Prof. Dimitrios Fotiadis – at the Institute of Biochemistry and Molecular Medicine (IBMM), University of Bern, Switzerland – presents per video "Role of water molecules and networks in ligand binding and oligomerisation of the bacterial extreme acid resistance system transporter AdiC".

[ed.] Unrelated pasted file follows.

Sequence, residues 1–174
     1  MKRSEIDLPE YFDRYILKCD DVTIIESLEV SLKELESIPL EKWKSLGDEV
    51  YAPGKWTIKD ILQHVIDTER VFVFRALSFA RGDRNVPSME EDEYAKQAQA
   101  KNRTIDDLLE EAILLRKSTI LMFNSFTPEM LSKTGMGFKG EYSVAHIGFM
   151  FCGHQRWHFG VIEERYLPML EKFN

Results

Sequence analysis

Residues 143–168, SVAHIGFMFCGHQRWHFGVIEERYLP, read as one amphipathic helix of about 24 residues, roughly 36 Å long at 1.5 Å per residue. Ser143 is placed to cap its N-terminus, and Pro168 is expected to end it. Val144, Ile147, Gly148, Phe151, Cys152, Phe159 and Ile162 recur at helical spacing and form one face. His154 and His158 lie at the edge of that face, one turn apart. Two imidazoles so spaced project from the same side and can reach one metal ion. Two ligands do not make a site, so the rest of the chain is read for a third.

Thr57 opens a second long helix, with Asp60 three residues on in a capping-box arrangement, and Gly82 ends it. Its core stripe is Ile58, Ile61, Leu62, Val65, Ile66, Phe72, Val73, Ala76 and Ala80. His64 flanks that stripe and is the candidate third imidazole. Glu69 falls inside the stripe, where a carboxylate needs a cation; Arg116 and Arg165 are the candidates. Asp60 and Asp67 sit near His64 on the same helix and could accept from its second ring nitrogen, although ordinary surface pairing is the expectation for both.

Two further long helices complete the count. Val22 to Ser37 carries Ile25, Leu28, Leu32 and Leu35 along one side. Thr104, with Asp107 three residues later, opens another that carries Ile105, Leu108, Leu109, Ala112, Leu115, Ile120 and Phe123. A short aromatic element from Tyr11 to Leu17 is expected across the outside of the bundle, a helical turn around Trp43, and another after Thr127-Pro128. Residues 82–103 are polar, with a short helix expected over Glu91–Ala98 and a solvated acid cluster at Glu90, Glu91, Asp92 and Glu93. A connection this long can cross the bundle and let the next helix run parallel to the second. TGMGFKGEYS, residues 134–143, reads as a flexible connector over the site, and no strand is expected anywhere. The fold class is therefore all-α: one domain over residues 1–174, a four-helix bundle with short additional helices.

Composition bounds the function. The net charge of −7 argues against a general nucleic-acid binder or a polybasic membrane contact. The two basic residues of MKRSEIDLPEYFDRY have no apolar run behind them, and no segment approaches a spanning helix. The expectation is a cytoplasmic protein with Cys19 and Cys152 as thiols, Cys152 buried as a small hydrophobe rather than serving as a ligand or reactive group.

Abstract: The L-arginine/agmatine transporter AdiC is part of the arginine-dependent extreme acid resistance system of the bacterium Escherichia coli and its pathogenic varieties such as strain E. coli O157:H7. At the present time, there is a lack of knowledge concerning the role of water molecules and networks for the structure and function of AdiC and solute transporters in general. The structure of the L-arginine/agmatine transporter AdiC was determined at 1.7 Å resolution by X-ray crystallography. This high resolution allowed for the identification of numerous water molecules buried in the structure. In combination with molecular dynamics (MD) simulations, we demonstrate that water molecules play an important role for stabilizing the protein and acting as placeholders for atoms of the AdiC substrates L-arginine and agmatine. Furthermore, a water-filled cavity was identified at the dimer interface of AdiC. The two monomers formed bridging interactions through water-mediated hydrogen bonds. The accessibility and presence of water molecules in this cavity was confirmed with MD simulations. Point mutations disrupting the interfacial water network validated the importance of water molecules for dimer stabilization. This work gives new insights into the role and importance of water molecules in the L- arginine/agmatine transporter AdiC for protein stabilization and substrate-binding site shaping, and as placeholders of substrate atoms. Finally, we identified a water-filled cavity at the dimeric interface that contributes to the stability of the amino acid transporter oligomer.